Since, in the instant case, the decedent's spouse has filed but not yet perfected his appeal, the question is whether his appeal has any bearing on the collateral estoppel effect of his criminal conviction in this proceeding.   In determining whether collateral estoppel should apply, it has been recognized that consideration should be given to the existence of an appeal (Matter of Brown, 132 Misc.2d 171, 503 N.Y.S.2d 532 [1986] ).   In Brown, the issue was whether an insurance company could be compelled to pay the proceeds of a life insurance policy on the decedent's life to his estate as opposed to the named beneficiary who had been convicted of second degree murder in connection with the death of the decedent.   The court reasoned that no civil hearing was necessary to establish forfeiture because the beneficiary had been convicted of an intentional homicide after trial.   However, since the matter was the subject of an appeal, the court considered whether the carrier could rightfully refuse to pay the proceeds to the estate pending the appeal.   The court relied on Duverney v. State of New York, 96 Misc.2d 898, 410 N.Y.S.2d 237 [1978], affd. 76 A.D.2d 962, 429 N.Y.S.2d 70 [1980] and Read v. Sacco, 49 A.D.2d 471, 375 N.Y.S.2d 371 [1975] and held that New York follows the “full and fair opportunity” test in applying the doctrine of collateral estoppel.   The court went on to hold that:

“While strict construction would hold that the pendency of an appeal does not affect the judgment's use of an estoppel (Sullivan v. Ringler & Co., 69 App.Div. 388 [74 N.Y.S. 978], see, also, 9 Carmody-Wait 2d, N.Y. Prac. § 63:215), it would appear that the full and fair opportunity doctrine of Schwartz [24 N.Y.2d 65, 298 N.Y.S.2d 955, 246 N.E.2d 725 [1969]] requires the court to consider the existence of an appeal before determining the forfeiture.”

(Matter of Brown, 132 Misc.2d 171, 172-173, 503 N.Y.S.2d 532 [1986] ).   The court went on to direct that the funds be held in escrow pending finalization of the judgment of murder.

In Matter of Dorsey, 161 Misc.2d 258, 613 N.Y.S.2d 335 [1994], however, the court reached a different result.   The presumed distributee, after being convicted after trial of the murders of his parents, proceeded to file an appeal of the convictions.   Prior to final determination of the appeal, a proceeding was brought to determine the effect of the son's conviction on his distribution rights under his parents' wills.   Initially, the court decided to await the outcome of the appeal before making its determination.   After, however, being advised that the appeal had been pending for approximately three years without a date for argument having been scheduled, the court decided to proceed to adjudication on the son's disqualification.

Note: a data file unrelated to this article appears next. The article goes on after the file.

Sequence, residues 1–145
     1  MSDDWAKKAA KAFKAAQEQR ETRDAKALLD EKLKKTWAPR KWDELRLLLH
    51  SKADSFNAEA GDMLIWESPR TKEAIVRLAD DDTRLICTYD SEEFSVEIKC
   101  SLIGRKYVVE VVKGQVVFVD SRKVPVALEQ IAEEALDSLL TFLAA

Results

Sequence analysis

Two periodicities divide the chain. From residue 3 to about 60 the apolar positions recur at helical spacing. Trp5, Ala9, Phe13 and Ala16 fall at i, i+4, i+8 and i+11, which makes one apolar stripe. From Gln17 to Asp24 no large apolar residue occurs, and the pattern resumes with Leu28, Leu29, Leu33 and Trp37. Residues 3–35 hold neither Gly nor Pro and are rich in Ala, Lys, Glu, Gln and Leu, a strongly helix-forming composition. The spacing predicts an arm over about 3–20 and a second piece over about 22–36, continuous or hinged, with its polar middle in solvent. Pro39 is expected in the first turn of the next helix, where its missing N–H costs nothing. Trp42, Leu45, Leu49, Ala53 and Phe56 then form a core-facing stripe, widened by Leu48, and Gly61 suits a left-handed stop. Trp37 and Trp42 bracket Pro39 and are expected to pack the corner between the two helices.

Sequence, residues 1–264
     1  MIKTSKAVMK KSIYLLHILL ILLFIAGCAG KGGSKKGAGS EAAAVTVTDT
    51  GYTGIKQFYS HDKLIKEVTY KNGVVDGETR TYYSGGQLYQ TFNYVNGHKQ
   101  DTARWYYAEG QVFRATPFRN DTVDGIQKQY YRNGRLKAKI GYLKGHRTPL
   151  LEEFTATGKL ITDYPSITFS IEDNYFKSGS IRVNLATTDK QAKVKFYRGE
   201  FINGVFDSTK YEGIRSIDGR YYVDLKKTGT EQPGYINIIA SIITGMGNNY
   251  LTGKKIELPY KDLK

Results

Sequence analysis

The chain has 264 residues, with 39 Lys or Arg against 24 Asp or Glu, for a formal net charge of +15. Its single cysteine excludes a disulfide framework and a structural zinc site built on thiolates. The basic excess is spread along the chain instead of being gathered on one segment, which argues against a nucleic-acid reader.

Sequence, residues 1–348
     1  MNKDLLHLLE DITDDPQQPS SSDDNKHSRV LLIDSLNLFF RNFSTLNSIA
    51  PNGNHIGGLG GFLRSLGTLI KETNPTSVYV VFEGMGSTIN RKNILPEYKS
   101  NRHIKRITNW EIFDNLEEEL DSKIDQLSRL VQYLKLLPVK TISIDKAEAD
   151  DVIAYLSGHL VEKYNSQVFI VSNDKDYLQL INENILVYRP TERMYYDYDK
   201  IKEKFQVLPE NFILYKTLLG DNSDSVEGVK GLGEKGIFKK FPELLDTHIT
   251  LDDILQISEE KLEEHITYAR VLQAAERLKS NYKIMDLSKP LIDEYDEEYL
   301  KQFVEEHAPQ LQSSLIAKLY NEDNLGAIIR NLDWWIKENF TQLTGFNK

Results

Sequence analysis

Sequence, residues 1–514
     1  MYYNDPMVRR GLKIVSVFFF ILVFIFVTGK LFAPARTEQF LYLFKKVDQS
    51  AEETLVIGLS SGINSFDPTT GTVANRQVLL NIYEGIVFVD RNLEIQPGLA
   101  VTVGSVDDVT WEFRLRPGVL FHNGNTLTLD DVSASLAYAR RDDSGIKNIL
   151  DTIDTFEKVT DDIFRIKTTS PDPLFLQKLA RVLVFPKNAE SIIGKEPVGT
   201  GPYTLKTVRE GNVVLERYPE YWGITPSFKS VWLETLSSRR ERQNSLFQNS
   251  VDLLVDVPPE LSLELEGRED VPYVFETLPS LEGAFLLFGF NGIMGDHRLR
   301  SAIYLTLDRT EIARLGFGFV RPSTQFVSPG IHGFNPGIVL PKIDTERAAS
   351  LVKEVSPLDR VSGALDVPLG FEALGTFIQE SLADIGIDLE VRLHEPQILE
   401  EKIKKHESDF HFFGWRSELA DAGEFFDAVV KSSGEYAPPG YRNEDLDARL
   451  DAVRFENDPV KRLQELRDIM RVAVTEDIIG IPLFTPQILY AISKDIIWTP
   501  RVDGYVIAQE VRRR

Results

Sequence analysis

In the instant case, the time for the decedent's spouse to perfect his appeal has expired.   The court is mindful, however, that an application to extend the time to perfect the appeal may be made (N.Y.Crim. Proc. § 460.70).   Given the filing of a notice of appeal, the court denied petitioner's previous application to dispense with the appointment of a guardian ad litem and, instead, appointed a guardian ad litem solely for the purpose of reporting to the court on the status of the appeal.

Since the appeal has not been perfected despite the notice of appeal having been filed over seventeen months ago and given the correspondence received from the decedent's spouse and the comments of the guardian ad litem, the court finds that no disqualification hearing is necessary.   Based upon his conviction for the second degree murder of the decedent, the decedent's spouse is disqualified as a distributee of the decedent's estate.   Accordingly, letters of administration shall issue to petitioner.

This constitutes the decision and order of the court.

Settle decree.